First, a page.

Asia can start discussions on a shared currency to avoid intra-regional exchange rate complications, Asian Development Bank president Haruhiko Kuroda said on Monday.
“I hold the view that we can start discussions and seriously discuss this issue,” he said at a lecture. “Although it may take decades, eventually I think we may be able to establish a common currency.”
Asian governments have been debating the merits of a shared currency since the region’s economies were rocked by a financial crisis a decade ago.
Creating a common currency does involve overcoming hurdles, Kuroda said. These include the need to have a common market, some harmonization of macroeconomic policies, a regional central bank that would require regional countries give up their currencies and independent monetary policies, he said.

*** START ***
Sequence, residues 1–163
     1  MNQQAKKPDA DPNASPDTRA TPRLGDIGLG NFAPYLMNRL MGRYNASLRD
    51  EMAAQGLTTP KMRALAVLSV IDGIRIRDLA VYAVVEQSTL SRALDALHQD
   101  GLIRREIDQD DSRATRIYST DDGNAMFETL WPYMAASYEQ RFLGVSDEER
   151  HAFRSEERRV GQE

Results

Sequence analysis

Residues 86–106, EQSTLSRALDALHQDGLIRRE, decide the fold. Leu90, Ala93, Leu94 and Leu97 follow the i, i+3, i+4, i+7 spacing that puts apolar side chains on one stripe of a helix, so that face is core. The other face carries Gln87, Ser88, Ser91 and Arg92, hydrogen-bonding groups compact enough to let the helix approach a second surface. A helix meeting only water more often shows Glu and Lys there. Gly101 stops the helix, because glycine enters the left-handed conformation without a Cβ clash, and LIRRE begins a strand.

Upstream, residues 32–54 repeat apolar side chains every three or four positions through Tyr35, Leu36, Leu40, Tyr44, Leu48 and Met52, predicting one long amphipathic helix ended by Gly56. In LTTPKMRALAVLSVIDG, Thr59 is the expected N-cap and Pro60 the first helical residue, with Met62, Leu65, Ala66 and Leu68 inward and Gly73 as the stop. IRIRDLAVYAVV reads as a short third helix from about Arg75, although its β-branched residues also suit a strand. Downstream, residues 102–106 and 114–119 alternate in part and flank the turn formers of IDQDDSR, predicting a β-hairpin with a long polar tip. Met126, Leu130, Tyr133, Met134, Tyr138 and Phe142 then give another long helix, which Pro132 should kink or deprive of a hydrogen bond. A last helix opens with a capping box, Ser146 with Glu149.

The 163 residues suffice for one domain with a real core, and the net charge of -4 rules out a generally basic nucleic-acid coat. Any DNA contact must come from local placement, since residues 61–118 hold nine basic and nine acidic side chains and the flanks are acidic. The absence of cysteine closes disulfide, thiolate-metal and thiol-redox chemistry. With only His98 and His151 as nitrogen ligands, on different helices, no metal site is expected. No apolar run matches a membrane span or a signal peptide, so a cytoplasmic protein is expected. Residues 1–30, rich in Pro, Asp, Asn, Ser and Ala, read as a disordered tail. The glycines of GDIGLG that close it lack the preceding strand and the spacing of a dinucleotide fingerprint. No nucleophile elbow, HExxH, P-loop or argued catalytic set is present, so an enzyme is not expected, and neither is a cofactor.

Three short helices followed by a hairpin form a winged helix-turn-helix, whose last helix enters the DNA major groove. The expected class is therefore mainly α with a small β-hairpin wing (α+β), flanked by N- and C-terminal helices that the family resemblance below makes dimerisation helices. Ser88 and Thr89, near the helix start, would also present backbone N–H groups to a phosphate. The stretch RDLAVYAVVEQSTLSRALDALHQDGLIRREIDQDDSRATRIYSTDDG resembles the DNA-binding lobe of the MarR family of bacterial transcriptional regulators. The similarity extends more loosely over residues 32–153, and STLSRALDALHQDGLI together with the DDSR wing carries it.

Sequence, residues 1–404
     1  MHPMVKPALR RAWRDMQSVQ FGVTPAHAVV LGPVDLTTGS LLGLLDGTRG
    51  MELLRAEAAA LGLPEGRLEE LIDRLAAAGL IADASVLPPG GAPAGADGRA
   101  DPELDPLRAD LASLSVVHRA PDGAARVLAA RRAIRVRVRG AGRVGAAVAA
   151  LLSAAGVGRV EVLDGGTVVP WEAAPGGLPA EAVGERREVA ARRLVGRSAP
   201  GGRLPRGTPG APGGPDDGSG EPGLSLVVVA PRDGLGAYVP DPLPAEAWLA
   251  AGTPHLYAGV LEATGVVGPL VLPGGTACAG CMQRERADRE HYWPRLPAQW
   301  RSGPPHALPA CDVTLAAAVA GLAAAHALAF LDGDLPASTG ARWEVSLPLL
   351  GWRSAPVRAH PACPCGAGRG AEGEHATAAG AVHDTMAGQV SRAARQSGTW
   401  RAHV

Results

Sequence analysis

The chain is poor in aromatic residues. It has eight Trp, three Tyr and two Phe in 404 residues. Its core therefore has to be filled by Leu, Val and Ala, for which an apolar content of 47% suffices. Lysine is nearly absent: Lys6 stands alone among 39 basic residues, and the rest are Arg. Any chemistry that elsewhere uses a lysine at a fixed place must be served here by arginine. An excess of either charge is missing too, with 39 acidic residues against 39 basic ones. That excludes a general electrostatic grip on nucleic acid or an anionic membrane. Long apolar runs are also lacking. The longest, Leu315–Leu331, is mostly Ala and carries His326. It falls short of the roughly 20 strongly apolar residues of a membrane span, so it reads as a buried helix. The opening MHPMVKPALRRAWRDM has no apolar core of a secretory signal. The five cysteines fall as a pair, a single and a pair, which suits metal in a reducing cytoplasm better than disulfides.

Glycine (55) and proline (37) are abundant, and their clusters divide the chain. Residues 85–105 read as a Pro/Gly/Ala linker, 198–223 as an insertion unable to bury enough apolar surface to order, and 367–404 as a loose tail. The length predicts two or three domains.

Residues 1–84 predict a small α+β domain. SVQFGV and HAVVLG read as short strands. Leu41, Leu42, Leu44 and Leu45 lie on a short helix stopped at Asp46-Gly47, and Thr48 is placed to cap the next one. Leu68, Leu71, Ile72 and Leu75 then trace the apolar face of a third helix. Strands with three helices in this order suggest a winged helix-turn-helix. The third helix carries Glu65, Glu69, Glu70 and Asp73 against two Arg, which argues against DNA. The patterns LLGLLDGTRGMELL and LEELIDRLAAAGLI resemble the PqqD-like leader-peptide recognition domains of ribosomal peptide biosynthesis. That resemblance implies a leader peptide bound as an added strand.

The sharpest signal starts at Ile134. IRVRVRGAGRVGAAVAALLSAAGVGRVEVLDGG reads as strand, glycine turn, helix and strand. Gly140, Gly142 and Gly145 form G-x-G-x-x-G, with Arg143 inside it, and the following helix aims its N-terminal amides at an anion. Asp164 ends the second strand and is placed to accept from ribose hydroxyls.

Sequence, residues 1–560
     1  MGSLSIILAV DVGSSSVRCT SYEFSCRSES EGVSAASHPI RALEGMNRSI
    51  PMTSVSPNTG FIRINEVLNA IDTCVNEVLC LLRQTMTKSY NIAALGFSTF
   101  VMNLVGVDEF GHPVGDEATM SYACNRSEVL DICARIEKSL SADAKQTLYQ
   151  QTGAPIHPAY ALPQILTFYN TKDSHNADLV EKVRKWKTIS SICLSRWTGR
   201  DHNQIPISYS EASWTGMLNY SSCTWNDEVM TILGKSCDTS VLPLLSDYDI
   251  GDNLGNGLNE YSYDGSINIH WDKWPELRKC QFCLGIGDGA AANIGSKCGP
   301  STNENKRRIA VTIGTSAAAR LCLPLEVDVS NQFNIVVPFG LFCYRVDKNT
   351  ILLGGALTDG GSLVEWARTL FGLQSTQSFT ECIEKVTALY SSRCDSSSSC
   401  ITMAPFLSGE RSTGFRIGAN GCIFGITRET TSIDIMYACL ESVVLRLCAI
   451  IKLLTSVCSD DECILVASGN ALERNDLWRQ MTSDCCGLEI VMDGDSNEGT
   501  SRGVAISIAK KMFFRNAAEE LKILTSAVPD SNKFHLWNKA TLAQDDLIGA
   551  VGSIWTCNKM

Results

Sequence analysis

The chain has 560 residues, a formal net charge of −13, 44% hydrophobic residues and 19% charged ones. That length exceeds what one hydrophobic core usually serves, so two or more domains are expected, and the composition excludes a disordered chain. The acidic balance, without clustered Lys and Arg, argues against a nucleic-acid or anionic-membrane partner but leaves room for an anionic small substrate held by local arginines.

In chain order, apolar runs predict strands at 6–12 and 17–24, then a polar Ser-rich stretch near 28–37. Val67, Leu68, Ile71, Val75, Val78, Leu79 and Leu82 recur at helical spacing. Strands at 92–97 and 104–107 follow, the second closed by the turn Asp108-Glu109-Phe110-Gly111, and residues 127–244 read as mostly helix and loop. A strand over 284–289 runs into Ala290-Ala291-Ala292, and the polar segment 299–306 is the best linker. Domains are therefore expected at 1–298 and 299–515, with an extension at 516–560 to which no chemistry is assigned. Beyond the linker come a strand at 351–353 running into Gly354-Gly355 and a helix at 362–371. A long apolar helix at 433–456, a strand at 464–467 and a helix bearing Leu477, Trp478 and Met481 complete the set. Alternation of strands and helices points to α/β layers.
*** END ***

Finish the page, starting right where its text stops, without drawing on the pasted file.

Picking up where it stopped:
Asean members agreed with Japan, China and South Korea in May to start a $120 billion (Rs5.80 trillion) foreign-currency reserve pool by year-end, to be used in times of turmoil as the region sought ways to shield its economies from the worst global recession since the Great Depression.
Kuroda said he doesn’t expect central banks that are large holders of dollar-denominated assets to sell out of those holdings.
The central banks are locked in because they would incur large losses by selling the dollar assets, he said.
The dollar’s status as the world economy’s sole reserve currency has come into question as leaders of Brazil, Russia, India and China discuss substituting other assets for their dollar holdings amid a ballooning US budget deficit.
Russian President Dmitry Medvedev this month proposed that nations use a mix of regional reserve currencies to reduce reliance on the dollar.